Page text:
6 responses to “Sola Scriptura and The Cult of One

  1. Committed Christian September 1, 2011 at 14:42

    I’m guilty of being one of the “I only need the Bible and the Holy Spirit” Christians. I admit it’s hard to undo that thinking since for most of my Christian life I did not have very good Bible teachers or pastors. But Christians can learn from each other and even I got help from commentaries, articles, etc.

    • Born4Battle September 3, 2011 at 11:57

      I would agree that in the end, the Bible and the Holy Spirit as teacher are sufficient to live a godly life. However we are to live our Christian lives in community with other believers. That might mean having a few other believers with whom we can connect, or it might mean access to a good bible-believing church as well as other good resources from the past and present to assist us in the ‘way’.

  2. Michael Acidri September 3, 2011 at 12:57

    Thats true. Having the dicipline enough to sit down and learn from what is being eexpounded on in a book or sermon from the word of God is a commendable thing. It shows teachableness and meekness. Moreso if you are able to go back and see if these things are so (like the Bereans in Acts 17). Developing a minimalist attitude to studying the word easily leads to aberrant beliefs and hence ‘the cult of one’.

  3. Micah Burke February 3, 2012 at 20:06

    Hard to obey God’s command that we submit to our elders if we have none.

  4. Linda August 3, 2021 at 15:38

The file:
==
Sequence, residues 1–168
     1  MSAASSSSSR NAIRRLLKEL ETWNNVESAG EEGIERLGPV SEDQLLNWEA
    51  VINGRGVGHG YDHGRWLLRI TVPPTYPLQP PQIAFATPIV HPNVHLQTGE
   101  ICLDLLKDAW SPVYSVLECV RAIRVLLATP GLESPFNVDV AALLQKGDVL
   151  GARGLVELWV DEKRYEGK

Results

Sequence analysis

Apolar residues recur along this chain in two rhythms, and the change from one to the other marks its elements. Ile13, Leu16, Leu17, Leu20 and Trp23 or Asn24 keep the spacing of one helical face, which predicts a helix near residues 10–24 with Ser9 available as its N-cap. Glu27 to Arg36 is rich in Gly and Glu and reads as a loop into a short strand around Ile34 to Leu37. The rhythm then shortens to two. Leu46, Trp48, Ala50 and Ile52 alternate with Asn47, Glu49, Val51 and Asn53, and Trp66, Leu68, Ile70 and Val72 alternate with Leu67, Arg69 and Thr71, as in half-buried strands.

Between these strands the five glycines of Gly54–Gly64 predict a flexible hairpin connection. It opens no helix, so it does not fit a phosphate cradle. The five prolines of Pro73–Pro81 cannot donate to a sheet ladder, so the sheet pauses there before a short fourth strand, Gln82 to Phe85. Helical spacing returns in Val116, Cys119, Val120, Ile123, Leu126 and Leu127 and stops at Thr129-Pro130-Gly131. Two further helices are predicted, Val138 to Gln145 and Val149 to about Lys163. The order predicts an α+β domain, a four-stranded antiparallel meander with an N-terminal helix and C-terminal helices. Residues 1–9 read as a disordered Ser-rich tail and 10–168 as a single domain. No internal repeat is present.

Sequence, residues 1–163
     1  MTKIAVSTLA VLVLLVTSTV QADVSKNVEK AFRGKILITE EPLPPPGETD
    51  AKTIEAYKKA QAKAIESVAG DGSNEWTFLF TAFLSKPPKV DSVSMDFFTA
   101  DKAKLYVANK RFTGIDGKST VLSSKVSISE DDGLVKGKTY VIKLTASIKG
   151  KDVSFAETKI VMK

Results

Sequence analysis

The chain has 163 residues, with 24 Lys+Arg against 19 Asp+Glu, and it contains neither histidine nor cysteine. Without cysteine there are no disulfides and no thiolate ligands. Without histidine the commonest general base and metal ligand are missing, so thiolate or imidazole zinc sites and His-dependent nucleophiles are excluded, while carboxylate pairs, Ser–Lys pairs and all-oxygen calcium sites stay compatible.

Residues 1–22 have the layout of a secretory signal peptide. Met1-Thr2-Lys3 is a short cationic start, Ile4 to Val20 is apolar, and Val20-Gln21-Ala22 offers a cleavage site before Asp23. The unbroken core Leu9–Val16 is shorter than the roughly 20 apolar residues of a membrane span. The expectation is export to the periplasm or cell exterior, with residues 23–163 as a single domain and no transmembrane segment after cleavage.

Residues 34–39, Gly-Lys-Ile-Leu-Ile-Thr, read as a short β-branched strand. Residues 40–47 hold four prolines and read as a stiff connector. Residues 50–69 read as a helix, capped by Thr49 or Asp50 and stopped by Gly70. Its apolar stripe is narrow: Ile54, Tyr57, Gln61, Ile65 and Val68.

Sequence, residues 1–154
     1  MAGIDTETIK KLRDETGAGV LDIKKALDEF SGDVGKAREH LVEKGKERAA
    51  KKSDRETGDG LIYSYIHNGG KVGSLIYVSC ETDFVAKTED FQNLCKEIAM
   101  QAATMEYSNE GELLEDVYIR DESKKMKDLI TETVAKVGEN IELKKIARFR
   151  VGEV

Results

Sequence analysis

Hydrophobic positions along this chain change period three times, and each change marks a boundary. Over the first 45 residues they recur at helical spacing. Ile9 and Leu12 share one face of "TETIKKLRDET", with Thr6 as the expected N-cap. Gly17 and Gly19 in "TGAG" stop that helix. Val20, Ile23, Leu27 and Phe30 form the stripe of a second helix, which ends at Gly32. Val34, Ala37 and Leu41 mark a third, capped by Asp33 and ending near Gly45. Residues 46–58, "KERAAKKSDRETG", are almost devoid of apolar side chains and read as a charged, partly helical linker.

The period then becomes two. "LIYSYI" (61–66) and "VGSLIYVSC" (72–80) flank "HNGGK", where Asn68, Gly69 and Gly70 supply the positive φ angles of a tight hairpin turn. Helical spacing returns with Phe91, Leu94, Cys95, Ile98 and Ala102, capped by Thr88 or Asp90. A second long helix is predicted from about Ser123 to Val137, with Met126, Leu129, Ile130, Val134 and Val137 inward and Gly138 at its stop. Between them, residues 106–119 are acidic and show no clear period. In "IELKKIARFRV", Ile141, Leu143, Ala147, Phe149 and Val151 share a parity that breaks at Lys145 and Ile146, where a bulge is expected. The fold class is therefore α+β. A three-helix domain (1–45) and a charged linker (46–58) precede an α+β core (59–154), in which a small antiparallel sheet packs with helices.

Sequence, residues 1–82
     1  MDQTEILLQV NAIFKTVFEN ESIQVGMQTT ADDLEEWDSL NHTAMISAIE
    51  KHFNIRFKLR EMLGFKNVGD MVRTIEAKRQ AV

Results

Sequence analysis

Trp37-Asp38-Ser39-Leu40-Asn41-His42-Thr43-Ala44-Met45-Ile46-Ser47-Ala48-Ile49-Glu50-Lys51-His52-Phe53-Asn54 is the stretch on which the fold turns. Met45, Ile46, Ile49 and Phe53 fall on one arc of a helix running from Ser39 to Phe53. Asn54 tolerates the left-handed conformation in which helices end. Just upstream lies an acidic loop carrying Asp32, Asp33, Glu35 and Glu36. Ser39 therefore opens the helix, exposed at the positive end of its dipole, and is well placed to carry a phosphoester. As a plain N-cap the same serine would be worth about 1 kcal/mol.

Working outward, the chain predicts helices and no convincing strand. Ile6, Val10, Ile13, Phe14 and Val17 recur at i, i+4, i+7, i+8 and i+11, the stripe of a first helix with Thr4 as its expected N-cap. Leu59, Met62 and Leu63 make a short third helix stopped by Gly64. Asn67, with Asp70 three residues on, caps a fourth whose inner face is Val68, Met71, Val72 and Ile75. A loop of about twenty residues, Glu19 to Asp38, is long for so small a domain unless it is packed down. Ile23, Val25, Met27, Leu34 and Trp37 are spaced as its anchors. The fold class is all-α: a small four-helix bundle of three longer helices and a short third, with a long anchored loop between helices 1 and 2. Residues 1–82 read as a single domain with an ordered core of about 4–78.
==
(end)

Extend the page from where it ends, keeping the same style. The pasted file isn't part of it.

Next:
People who aren’t wanted in the churches–who have too much trouble in our lives to be tolerated by preachers and congregations, who say “don’t bring that problem here!”–what are we to do? (By the way, we cannot spare you from persecution, for beloved, entitled prosperity, forever, but for now, we “bless” you by our absence) We pretty much have to be on our own, always subject to the criticism or condemnation of the comfortable, of course. Sola Scriptura, in practical terms, does mean each person interpreting the Bible for him or herself, because there are times when there’s no one around who can be trusted, just God and His word. The likelihood that we arrived at faith in Jesus and began to learn completely on our own is not great, but the problem of being pushed out and left to fend for yourself is real, as is the problem of the harmfulness of so much theology, and the harmfulness of these movements which displaced the gospel with various agendas. If I think again about choosing a church, after my problem is sufficiently gone, of course, where do I go? To a church of right wing political action, on the basis that they give lipservice to the facts of the gospel, as a sort of legal disclaimer to cover their backsides? To a church of left-wing political action? To a megachurch, Church Growth Movement, “Noble Lie” Control Center? To a Prosperity Movement, Prosperous Lifestyle church, whether Prosperity Gospel, or merely the Conservative Movement, “God’s Own Party” church of American prosperity? To a church of false miracles and false tongues? To one where Kundalini and Christ are being bridged or accommodated to each other, through breathtaking spiritual lack of discernment, or deliberate blasphemy? To a satellite campus of blasphemous televangelism? To a church which conversely proclaims that we have no relationship with, and no experience of, the Holy Spirit, which is completely against what Jesus taught? To one which makes dry and dead into virtues, in which the “dead” letter, mediated by fleshly, human reasoning, alone, is all we’re given? To an old guard church of legalism, loss of salvation, no eternal security? To a church which denies the word of God in order to ensconce the word of theologians, Augustine and Calvin, for just two of them? To a church of the hireling who flees when he sees the wolf coming? To the church of lust for power, who deny that this world’s kingdom is not Jesus’s, and that it will take His return, not us, to make it into His kingdom? To the church of complicity with Jesuit (and other, allied) change agents? Where exactly do we find this humbled, relatively pure church of sinners saved by the grace of God? Not asking for perfection, but only a church of people who know they needed to be saved, and know that our salvation is being upheld by God every single day, by the gift of God in Jesus? Even then, if I found such a church, I have to help them by my absence, or they would have to deal with my situation of persecution being brought to their door! So no, we may need the church, but we can’t always have it. And we have to interpret the Bible for ourselves, using what gleanings from other Christians as we believe have passed the test of agreeing with the word and the Spirit. I know that this is not a welcome kind of message, but the assumption that we have to church to depend on and therefore must so all we do through the church cannot be true. Just the theologically reckless, life-wrecking nature of 9/10 of the teaching out there, precludes turning to them with any trust. I wish that humbled, simple church of faith in Jesus could be found in a location, but instead, it is scattered among the churches and the unchurched. I do not see a basis for joining anything. The snake oil salesmen are too dangerous to trust.